"The church just really loved me and took care of me. They were there to help me and didn't hold anything back."
Hope Events are one of the backbones of Prison Fellowship’s ministry—but the idea came from a corrections and civil rights leader.
Prison can be a dark place, full of corrosive influences. Prisoners who want to follow Christ must fight against a tide that threatens to push them back into old behaviors and thought patterns. Other men and women might be curious about Jesus, but, cynical about the value of “religion,” they balk at the idea of attending a chapel service.
The parking lot of the Durham (NC) County Jail is not a place most people would see as a location for religious revival, but on June 25, this unlikely setting served as the site for the baptism of 39 of the jail’s prisoners.
The North Carolina prison system announced that they will put an end to solitary confinement for juvenile offenders in the prison system. Historically, youth were placed in solitary confinement if they seriously violated prison rules.
By this September, the N.C. Division of Adult Correction and Juvenile Justice will launch a Youthful Offender Program that will provide education, mental and behavioral health counseling, life skills classes, and family and community reunification services.
Shirley Beatty is Prison Fellowship’s field director for North Carolina and Southern Virginia. In the following article, she recounts a recent visit to the Mountain View Correctional Institution in Spruce Pine, North Carolina, as part of the “One Day with God” program.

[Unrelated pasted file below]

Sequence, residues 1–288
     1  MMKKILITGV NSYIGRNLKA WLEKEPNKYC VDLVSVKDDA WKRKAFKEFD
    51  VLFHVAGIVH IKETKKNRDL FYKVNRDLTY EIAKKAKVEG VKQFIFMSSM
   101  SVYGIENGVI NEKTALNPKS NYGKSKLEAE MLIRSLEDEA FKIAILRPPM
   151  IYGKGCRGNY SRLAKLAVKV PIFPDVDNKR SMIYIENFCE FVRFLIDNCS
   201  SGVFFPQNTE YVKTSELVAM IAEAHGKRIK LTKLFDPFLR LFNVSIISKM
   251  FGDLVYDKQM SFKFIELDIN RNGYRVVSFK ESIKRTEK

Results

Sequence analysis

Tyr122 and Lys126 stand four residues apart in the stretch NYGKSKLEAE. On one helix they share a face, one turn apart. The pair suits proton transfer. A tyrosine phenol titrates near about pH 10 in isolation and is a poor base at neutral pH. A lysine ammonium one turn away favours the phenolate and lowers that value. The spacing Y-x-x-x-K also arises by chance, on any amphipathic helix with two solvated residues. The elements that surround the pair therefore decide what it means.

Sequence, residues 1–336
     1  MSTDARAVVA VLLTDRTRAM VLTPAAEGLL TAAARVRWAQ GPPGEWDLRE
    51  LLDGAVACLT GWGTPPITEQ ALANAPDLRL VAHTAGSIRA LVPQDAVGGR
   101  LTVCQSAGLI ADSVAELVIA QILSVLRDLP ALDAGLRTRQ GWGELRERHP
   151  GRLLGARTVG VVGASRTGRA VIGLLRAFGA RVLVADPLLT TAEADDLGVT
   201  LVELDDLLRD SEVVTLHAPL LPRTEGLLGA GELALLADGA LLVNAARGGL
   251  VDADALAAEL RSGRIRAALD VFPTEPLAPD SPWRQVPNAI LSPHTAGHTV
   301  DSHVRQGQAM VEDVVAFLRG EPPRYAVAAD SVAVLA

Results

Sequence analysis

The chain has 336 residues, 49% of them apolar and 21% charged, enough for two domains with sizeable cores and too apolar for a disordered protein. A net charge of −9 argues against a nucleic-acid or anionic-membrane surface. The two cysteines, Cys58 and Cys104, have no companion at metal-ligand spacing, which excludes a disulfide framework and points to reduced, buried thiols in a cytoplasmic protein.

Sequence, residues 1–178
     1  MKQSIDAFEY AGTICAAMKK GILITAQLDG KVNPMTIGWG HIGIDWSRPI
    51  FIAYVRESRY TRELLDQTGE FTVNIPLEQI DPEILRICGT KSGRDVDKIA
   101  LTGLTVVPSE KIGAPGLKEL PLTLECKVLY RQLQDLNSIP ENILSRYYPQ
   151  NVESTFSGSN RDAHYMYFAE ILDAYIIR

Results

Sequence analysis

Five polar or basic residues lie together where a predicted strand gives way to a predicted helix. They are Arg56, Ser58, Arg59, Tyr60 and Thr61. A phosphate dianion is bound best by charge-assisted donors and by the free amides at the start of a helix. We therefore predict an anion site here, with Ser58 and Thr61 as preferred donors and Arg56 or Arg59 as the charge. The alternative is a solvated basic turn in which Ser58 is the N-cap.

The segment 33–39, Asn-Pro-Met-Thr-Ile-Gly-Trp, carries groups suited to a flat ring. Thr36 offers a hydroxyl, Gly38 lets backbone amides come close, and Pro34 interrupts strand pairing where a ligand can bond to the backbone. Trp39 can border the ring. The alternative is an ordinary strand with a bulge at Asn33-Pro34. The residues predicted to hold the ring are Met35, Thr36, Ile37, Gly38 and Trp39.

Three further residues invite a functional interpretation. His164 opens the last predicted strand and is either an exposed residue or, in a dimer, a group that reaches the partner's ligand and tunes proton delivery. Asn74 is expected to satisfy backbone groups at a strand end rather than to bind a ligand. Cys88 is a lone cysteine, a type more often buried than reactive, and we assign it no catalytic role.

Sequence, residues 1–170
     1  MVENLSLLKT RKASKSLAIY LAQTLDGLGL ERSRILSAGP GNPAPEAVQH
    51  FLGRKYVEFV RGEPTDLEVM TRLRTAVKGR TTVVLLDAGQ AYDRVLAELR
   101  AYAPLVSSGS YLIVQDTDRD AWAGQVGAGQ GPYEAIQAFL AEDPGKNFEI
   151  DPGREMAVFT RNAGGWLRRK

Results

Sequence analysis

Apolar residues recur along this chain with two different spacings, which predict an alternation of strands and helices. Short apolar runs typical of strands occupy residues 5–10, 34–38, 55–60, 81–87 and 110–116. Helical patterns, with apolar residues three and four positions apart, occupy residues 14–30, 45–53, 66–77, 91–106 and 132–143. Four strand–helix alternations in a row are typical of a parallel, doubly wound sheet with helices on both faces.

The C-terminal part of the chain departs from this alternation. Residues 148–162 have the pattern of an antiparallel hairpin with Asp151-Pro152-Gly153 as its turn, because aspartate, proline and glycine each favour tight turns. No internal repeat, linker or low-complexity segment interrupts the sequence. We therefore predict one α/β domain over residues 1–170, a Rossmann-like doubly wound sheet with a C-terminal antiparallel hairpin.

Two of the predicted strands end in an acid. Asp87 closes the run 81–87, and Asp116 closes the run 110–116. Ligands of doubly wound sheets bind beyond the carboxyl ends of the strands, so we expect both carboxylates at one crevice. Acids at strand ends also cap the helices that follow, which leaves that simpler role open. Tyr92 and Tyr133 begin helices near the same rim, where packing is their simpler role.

By the time Sgt. Joseph Serna left his position in the Special Forces, he had completed four combat tours in over two decades in Afghanistan. He had nearly been killed on three separate occasions, and received three Purple Heart awards, along with several other commendations for bravery and valor.
John Jennings stood in the courtroom, looking into the eyes of the man who had murdered his son. This man had been his son’s friend, but one night, this “friend” took John’s son into the woods, demanded his money, and shot him.
The following story is written by Jeff Freeman, a prisoner at the Pamlico Correctional Institution. It was forwarded to Prison Fellowship by Don Fulford, volunteer chairman for the Nehemiah Project, which seeks to “reach, reconcile, and restore the men at the Wake Correctional Center” in North Carolina.